Remembering Our Heroes #1: Deputies Michaels and Kennerson

This article begins a new series on the S.O.A.R. website called “Remembering Our Heroes”. We have over 4,000 old photos, papers and items in the MCSO archives, and at the request of some members will begin to share them in this new monthly series. We hope you enjoy!

Our first selection is a Democrat & Chronicle article dated March 2, 1961. The article describes the heroic actions of two Monroe County Sheriff’s Office Road Patrol Deputies: Eugene Michaels and John Kennerson.

Deputy Michaels responded to a call at the corner of Plank Rd and Empire Blvd. He found a hysterical women clutching a baby shouting that the child was unresponsive. Deputy Michaels gave mouth to mouth resuscitation and revived the child. As no expressways existed at the time, he got the women and baby in his patrol car and proceeded down Empire Blvd heading to Northside Hospital. The amazing thing is that when the child stopped breathing several more times, Deputy Michaels stopped the patrol car each time, reviving the child. He finally arrived at the hospital and the child survived.

Deputy Kennerson was attending a funeral service at St. Thomas Church when he noticed a fire near the main alter. He approached the item on fire, wrapped it in his coat and ran out of the church, thereby preventing a more serious fire within the crowded church.

Both Deputies received Life Saving awards from the County Manager.

Please click here to read the original Democrat & Chronicle article.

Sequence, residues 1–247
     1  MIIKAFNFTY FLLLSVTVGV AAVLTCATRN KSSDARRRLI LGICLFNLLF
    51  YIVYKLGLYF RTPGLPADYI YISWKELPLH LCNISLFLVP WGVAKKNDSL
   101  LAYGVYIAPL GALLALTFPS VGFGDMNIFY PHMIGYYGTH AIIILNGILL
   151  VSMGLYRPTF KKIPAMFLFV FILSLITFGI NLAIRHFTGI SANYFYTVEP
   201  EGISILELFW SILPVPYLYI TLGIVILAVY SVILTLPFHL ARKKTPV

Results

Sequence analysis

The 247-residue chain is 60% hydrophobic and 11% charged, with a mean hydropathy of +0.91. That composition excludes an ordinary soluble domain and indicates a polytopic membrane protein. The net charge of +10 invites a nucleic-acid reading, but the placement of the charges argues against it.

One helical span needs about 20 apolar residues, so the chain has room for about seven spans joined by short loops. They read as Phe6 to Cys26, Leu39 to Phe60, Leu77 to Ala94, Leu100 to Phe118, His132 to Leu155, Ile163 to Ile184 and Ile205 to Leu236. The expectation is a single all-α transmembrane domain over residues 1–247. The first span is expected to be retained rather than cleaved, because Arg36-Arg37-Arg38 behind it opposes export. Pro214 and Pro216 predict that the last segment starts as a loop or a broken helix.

MCSO QM Looking for Photographs

I am looking for photographs of members/employees and or events pertaining to the Sheriff’s Office which have a general interest for inclusion in the next edition of the History of the MCSO (1821-2021).


  • Class Pictures
  • Members and Employees at work
  • Equipment (Vehicles)

Please include a brief description to include dates. ALL will be returned after being scanned and extreme care will be taken.

Thanks in advance for your assistance.

– – Todd

Todd C. Allen
Quartermaster/Procurement Officer/Agency Historian
Monroe County Sheriff’s Office
130 Plymouth Ave., South
Rochester, New York 14614
(585) 753-4001

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The Reluctant Hero

On a dreary October afternoon in 2008, I arrived at the home of Mr. and Mrs. George H. Cooper and sitting at the kitchen table, I had the honor of interviewing a true trailblazer and an important part of our agency history. You see, George Cooper, 81 was the first African-American hired as a Deputy Sheriff in the Monroe County Sheriff’s Office in 1953.

After serving in the military, George was happy to be working at Stromberg-Carlson yet his father had other plans for his twenty-four year old son. The elder Mr. Cooper was a prominent barber in Rochester and was very involved in local politics.